Grace Cossington Smith

Australia 1892–1984
Cossington Smith’s aim was ‘to express form in colour’. An important early exponent of modernism in Australia, she developed a highly individual technique that used rhythmic divided brushwork in pure, high-key colour. Studying in Sydney and Europe, her approach reveals the influence of European post-Impressionism. She always painted subjects from her surroundings – transforming them through her own distinctive vision and imbuing them with a spiritual joy – and is probably best known for her scenes of the city.

The curve of the bridge 1928-29

At the time this work was painted, the Sydney Harbour Bridge was the most ambitious engineering project ever undertaken in Australia. When completed in 1932, it was the largest single-arch bridge in the world. Cossington Smith’s painting is one of a series of works showing the massive structure in mid-construction. In a powerful translation of forms through colour and light, the painting radiates optimism and energy, particularly the sky, which is made up of many diagonal staccato brushstrokes of different colours. A marriage of the advancements in art and technology, the work is a celebration of the modern age.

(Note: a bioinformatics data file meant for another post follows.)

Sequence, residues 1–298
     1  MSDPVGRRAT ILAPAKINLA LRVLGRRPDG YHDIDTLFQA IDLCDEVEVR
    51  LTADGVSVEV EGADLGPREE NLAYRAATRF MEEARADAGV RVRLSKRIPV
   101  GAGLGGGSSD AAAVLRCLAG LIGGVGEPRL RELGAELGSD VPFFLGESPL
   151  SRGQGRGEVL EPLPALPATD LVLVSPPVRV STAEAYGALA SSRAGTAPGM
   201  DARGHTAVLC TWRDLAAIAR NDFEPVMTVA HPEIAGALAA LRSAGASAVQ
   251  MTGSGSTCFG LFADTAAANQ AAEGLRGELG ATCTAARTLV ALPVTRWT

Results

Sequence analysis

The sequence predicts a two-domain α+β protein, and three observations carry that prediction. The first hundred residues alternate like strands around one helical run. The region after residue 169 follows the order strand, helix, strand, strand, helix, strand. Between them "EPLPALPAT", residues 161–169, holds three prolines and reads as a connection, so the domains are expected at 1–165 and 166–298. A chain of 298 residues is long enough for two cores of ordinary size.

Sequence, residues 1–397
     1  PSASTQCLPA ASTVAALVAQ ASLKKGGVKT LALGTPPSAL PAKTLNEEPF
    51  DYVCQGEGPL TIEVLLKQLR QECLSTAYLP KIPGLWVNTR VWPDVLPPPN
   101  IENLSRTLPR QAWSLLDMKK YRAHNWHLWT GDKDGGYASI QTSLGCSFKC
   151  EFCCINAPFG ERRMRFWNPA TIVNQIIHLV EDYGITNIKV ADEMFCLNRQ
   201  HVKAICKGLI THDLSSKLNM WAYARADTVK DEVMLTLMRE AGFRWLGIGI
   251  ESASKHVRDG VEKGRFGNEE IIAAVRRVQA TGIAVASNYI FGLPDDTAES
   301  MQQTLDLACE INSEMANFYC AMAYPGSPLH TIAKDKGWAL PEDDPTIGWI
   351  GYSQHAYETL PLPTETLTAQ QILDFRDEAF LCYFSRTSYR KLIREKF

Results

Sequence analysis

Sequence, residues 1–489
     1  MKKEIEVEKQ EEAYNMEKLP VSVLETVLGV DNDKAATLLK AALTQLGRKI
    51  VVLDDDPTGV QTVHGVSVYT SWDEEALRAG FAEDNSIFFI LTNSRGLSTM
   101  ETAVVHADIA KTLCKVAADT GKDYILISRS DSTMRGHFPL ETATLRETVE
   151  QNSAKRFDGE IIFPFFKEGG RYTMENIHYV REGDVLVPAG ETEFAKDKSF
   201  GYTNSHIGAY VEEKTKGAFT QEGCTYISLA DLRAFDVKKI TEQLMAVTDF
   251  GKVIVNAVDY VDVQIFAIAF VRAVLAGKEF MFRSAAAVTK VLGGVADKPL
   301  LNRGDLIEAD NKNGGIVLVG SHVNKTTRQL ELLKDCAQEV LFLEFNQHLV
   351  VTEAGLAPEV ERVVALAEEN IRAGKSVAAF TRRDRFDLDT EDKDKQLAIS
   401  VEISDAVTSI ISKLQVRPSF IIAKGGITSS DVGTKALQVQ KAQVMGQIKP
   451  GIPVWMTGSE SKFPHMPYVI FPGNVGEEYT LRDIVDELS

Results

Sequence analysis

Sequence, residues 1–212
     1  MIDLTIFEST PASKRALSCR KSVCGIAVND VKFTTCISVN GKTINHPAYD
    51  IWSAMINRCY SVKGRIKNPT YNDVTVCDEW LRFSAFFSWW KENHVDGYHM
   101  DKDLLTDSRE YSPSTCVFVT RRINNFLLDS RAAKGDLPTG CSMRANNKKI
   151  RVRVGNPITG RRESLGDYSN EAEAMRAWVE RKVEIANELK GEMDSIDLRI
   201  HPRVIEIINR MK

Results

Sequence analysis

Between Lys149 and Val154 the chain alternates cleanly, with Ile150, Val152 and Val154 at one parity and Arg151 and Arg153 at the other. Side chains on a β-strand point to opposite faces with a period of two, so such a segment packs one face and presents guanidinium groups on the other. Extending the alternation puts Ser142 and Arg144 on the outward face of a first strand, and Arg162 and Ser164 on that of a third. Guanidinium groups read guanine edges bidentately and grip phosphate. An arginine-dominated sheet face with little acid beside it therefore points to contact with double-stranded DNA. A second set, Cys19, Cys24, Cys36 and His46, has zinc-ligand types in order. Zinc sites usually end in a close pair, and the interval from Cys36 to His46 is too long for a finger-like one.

People and places

Starting in 1924, the Sydney Harbour Bridge took 1400 men eight years to build. Around 800 families living in its path were displaced without compensation and 16 workers died during construction. It was opened on 19 March 1932 in proceedings that are now part of Australian folklore, with Francis De Groot on horseback slashing the ribbon with a sword before the official cutting could take place.

Also affectionately known as the ‘Coathanger’, the bridge contains 6 million hand-driven rivets and the steelwork weighs 52,800 tonnes. The cost of building it was eventually paid off in 1988, but a toll system remains to finance bridge maintenance.

Grace Cossington Smith The curve of the bridge 1928-29

Related material

Cossington Smith produced many studies during the bridge’s construction.

An untitled photo by Henri Mallard in the Gallery’s collection was taken from an almost identical vantage point at around the same time.